KANNAPOLIS, North Carolina – Darlington (S.C.) Raceway is an egg-shaped oval, 1.366 miles in length – the odd shape stems from a promise track founder Harold Brasington made to Sherman Ramsey, the neighboring farm owner, that he wouldn’t disturb his minnow pond when the track was built in 1949. As a result, the western half of the track features a tighter radius in the turns.
The odd shape means that, to find the fast way around the track, drivers run extremely close to the outside walls in each turn. They sometimes brush up against them and thus earn what has affectionately become known as a “Darlington Stripe” on the right side of the car. And the black marks left on the walls by the tires rubbing up against them all race weekend have led to one of the track’s nicknames, “The Lady in Black.”
Given the difficulties the track presents, in the years since it was built, Darlington has been called one of the toughest of all tracks on the NASCAR Sprint Cup Series schedule, so much so that years ago it was also nicknamed “The Track Too Tough To Tame.”
When NASCAR teams return to the historic track for Sunday’s iconic Southern 500, the NASCAR industry will honor a part of the heritage of the sport by celebrating the era of racing from 1975 to 1984 with a throw-back theme. As part of the celebration, Danica Patrick’s No. 10 Nature’s Bakery Chevrolet SS for Stewart-Haas Racing (SHR) will feature a special retro paint scheme that incorporates the traditional blue, white and brown colors of Nature’s Bakery, along with a touch of woodgrain finish rounding out the vintage look.
In four Sprint Cup starts at “The Track Too Tough To Tame,” Patrick has earned a few “Darlington Stripes.” Her best Sprint Cup finish at the track is a 22nd-place result she earned in 2014.
In last year’s race at Darlington, Patrick was relegated to a 42nd-place finish after contact with the outside wall left the No. 10 Chevrolet with damage that was too significant to repair.
In her lone Xfinity Series start at the track, Patrick started 15th and took home a 15th-place finish.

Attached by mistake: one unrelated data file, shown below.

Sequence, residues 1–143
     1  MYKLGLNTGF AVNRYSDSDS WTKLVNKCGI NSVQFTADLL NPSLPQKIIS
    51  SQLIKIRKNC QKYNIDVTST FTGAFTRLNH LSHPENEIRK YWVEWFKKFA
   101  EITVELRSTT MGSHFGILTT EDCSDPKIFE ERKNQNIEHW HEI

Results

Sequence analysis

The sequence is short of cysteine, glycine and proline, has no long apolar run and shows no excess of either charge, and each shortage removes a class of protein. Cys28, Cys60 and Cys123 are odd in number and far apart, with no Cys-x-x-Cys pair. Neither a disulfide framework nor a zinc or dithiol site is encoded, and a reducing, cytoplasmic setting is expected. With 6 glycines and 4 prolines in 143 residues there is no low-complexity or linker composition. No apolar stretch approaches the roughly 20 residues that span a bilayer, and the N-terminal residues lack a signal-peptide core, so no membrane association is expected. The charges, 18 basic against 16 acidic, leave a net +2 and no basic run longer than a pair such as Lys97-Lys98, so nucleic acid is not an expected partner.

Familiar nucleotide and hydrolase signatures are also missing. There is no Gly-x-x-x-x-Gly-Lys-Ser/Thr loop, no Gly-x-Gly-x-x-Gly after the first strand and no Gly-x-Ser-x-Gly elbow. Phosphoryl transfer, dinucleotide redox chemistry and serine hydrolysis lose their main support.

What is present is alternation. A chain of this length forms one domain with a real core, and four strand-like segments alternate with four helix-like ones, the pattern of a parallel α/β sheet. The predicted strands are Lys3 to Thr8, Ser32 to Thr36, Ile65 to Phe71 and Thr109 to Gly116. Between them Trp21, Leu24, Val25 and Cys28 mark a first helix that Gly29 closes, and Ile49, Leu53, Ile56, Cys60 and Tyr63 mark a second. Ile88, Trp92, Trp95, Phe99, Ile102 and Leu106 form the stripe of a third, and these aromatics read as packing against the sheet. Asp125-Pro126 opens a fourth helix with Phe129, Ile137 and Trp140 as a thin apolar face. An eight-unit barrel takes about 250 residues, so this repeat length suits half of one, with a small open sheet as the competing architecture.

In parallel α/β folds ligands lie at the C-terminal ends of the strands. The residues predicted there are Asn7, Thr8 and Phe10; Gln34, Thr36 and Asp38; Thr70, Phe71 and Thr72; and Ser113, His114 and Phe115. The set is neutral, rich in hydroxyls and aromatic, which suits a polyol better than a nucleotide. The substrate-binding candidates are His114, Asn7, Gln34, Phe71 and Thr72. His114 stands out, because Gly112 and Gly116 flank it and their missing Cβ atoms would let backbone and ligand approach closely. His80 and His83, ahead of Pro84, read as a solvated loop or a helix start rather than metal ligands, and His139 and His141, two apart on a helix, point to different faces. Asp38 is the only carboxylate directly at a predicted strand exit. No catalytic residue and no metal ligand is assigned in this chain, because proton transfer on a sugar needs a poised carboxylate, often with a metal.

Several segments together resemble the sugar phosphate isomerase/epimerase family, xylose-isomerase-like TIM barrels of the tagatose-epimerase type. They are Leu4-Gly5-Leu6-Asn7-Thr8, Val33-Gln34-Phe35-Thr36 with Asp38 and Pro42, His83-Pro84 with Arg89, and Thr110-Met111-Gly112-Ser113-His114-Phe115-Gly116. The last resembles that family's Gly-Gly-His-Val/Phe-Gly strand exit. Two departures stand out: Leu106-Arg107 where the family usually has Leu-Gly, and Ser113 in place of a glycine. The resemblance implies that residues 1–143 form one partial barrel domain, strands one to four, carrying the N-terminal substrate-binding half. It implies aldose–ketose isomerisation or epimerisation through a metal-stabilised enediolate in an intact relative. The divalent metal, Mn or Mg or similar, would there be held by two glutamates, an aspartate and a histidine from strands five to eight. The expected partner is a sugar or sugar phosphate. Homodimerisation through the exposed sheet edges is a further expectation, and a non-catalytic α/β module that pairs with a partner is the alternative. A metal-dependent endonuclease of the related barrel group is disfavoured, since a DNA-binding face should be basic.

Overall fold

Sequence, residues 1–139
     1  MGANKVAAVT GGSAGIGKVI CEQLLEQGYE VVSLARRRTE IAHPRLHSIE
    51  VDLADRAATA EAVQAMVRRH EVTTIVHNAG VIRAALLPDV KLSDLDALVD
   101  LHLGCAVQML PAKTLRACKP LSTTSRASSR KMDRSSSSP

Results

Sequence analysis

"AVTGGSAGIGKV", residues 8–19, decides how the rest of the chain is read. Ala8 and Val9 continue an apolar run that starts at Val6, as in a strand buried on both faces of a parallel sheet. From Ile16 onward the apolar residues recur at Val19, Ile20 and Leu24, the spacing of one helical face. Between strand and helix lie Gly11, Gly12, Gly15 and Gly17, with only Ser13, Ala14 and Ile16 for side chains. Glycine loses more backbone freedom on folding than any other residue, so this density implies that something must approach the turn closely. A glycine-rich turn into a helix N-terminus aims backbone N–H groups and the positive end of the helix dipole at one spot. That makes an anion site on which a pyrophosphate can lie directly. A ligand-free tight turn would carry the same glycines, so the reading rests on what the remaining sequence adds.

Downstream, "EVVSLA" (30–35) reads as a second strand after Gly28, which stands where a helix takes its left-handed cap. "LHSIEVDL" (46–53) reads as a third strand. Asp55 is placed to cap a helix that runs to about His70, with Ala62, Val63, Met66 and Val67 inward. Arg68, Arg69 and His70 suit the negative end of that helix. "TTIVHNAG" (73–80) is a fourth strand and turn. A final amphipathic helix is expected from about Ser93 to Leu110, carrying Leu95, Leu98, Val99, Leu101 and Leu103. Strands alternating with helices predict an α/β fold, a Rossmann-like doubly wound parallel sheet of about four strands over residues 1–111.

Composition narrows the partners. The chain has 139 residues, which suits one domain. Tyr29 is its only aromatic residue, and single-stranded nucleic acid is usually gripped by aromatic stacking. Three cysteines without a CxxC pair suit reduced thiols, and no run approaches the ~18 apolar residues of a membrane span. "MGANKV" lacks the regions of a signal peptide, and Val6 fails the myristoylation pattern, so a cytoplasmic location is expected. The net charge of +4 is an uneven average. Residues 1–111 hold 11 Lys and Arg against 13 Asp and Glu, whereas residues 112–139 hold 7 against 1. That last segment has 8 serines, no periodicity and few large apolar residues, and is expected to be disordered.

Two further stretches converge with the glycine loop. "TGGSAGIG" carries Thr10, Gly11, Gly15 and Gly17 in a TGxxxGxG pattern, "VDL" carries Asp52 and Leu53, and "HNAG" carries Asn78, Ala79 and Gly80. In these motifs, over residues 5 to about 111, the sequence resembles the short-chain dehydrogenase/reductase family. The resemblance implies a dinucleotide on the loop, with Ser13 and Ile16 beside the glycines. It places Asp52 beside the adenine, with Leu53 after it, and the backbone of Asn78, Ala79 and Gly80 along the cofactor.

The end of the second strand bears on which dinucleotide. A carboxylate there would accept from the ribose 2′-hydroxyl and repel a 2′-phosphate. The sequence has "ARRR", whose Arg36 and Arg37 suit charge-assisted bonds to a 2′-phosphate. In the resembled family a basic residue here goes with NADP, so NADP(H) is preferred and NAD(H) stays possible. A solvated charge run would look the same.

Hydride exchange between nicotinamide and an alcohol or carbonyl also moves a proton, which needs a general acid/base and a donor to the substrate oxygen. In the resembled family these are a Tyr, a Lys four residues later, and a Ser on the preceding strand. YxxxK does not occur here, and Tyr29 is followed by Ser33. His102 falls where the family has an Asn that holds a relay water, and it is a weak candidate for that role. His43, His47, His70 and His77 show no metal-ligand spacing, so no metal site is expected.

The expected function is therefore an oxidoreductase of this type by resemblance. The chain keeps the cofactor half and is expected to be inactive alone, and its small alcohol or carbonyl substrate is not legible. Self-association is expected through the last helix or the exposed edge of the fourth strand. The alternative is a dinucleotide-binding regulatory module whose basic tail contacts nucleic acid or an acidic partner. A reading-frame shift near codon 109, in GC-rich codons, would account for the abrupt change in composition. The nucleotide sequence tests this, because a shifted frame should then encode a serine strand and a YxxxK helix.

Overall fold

As Sprint Cup teams return to Darlington for Sunday’s Southern 500, Patrick and her No. 10 Nature’s Bakery Chevrolet SS team will be looking to conquer “The Track Too Tough To Tame” in an effort to improve upon her record at the track.
DANICA PATRICK, Driver of the No. 10 Nature’s Bakery Chevrolet SS for Stewart-Haas Racing:
Talk about racing at Darlington.
“It’s a challenging track. It’s probably one of the toughest that we have on our schedule. There are four completely different corners and you’re typically entering them at high speed and usually right up against the wall. There is very minimal room for error, which is how you end up with the famous ‘Darlington Stripe.’ You have to definitely be aggressive and get the most out of it, but you don’t want to hit the wall because that’s a pretty big setback. It helps to have a good setup to start out with and from there you do your best to keep your bumpers clean so you don’t have tire rubs, accidents and things like that. In the Southern 500, there are usually a lot of cautions and a lot of things happen, so there’s a lot of opportunity for things to change and for you to try something different. It’s definitely our longest race of the year, so you have to be patient and not make mistakes so that you’re still in it at the end.”
Describe the Darlington Stripe and what it’s like to get one.
“I would say that, because my background is in IndyCar, I don’t look at gray areas of the track and think there’s a lot of grip there. I’m not used to driving by a wall. I didn’t grow up racing on dirt and running up on the cushion. The high line is something to me that I have to have a lot of confidence in the car to be able to go there with the kind of speed that needs to be taken. I’ve definitely earned the Darlington Stripe and, sometimes, there’s just not much you can do about it. I’ve even gotten it going down the straightaway where the right-rear (tire) catches the wall and pulls the front in. You’ve got to stay focused at all times, especially at a place like Darlington, where you have to be up on the wheel for all the corners because they’re all pretty different. It’s earned through pushing those boundaries of how high you can take the car and how much speed you can take doing it.”
Are you comfortable racing at Darlington, or is that even possible?
“I have found that when the car is comfortable and the car is good, any track can feel very easy, as well as extremely difficult. So, we’ll see how it goes and how good the car is and how comfortable it feels for me. I do always feel like the first couple of laps at Darlington seem like I haven’t been there in five years. Like, ‘Oh yeah, that’s the way turn four looks.’ Given the fact that there are so many tracks that we go to twice and many of them are similar and have a typical mile-and-a-half layout, when we go to Darlington, being such a unique track, it feels like it’s been a while since we’ve been there.”
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